This week’s Underrated originally ran on Ramblings Of A Comics Fan in October 2015
This is a column that focuses on something or some things from the comic book sphere of influence that may not get the credit and recognition it deserves. Whether that’s a list of comic book movies, ongoing comics, or a set of stories featuring a certain character. The columns may take the form of a bullet pointed list, or a slightly longer thinkpiece – there’s really no formula for this other than whether the things being covered are Underrated in some way. This week: Colourists.
When it comes to the names attached to comics usually you know who the writer and artist is, whether that’s because of previews, or even just general talk around the Internets water cooler or your local comic shop. Recently I’ve noticed that there are some very good comic book contributors that don’t get the same level of attention as those who write or draw the comics, such as the colourists.
A few things before we start; firstly, there is no way I’ll ever be able to list every talented colourist out there. Just no way. Secondly, if you take nothing else from this post, at least be aware of just how much colourists add to a comic. Thirdly this post will only contain a select few examples of some great colouring work from comics released within the not too distant past, or stories that should be easy to find in trade format. It is not meant to be an exhaustive, or complete, list of great colourists, and there will only be a select few examples here (and even then, only covers).
Because, frankly, if I tried to do that I would miss too many.
Sometimes a colourist can make an already great comic book into something that’s truly a work of art, where the same comic in black and white would feel incomplete, hampering the enjoyment of the reader. As an example of this, take a look at the work of Clayton Crane: Rai #10 and #11 from Valiant. Although Rai may not be your cup of tea story wise – an android samurai from the year 4001, but you cannot deny that the artwork of Clayton Crane is something special here. He does full duties here, but it’s the colouring that really helps this comic stand above the others. The story in the two issues I mentioned takes place between a utopia and a barren planet, and just look at the way the colours allow you to tell which is which without even thinking about it.
The thing is, colourists are almost always unappreciated, but if it weren’t for their contributions to a comic some scenes would be borderline unintelligible.Zachariah Thorn‘s Robert Reichert is an example of this. The opening scene from Indigo Comics first publication has a brilliant dreamlike quality to it that would fall completely flat if not for the way the colouring brings out the detail (if you want to check it out, you can read it for free at their website.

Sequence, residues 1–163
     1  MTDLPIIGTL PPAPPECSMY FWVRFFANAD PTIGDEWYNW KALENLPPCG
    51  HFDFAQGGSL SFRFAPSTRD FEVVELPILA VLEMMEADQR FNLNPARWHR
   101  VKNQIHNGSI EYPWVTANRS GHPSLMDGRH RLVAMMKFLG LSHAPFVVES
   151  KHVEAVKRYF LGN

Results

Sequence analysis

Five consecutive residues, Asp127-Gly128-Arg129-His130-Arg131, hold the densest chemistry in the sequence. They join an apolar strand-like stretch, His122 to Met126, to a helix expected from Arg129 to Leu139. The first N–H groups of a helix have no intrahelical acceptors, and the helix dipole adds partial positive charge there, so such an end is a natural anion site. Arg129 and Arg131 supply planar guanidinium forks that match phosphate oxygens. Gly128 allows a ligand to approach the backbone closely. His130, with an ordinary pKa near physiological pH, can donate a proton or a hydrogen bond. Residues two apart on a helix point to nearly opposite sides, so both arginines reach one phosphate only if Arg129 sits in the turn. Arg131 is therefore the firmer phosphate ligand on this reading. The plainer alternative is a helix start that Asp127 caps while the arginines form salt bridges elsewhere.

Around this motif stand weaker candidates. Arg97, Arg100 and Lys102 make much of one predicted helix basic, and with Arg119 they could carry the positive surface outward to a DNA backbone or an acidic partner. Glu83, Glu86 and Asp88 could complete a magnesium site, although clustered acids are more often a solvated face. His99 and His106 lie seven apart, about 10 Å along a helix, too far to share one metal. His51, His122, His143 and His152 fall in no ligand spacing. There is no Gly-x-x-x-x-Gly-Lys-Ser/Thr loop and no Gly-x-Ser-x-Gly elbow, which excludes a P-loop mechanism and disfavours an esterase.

There are occasions where the colourist will capture the feel of the comic so well that it’s almost uncanny. Lee Loughbridge did just that in DC‘s Batman #44. In what was probably the best comic featuring Batman released this year (certainly that I have read), the art was provided by guest artist Jock, and as talented as Jock is, it’s the colours that really make his artwork shine elevating the comic to the next level (although credit should also go to letterer Deron Bennett, too, but that’s another post for another day). Batman #44 is an example of the creative team firing on all cylinders, so it can be easy to overlook the at times minimalist colouring work.
And that brings us to another point.
Colourists are often overlooked because their work can be so integral to a comic that you often don’t even notice how great it is. Now I’m not intending to say anything negative about black and white comics here, some of the best comics I’ve read are black and white, but there’s a difference between an intentionally black and white comic and one that’s missing the colour (Maus is an excellent example of a black and white comic that would probably not work quite as well if it had colours added). In a time when adult colouring books are seeing a stratospheric rise in popularity as people use them as a relaxaton method, maybe it’s time we stop taking the work of a comic book colourist for granted.
There we have it – an all too brief homage to an underrated art form that can sometimes make, or break, a comic. Are there other contributors to comic that are also underrated and under-appreciated?
For that reason expect a second or third part to this post in the future. In the meantime, Underrated will probably return next week to highlight more comic book related stuff that either gets ignored despite it’s high quality, or maybe isn’t quite as bad as we tend to think it is.
Until next time!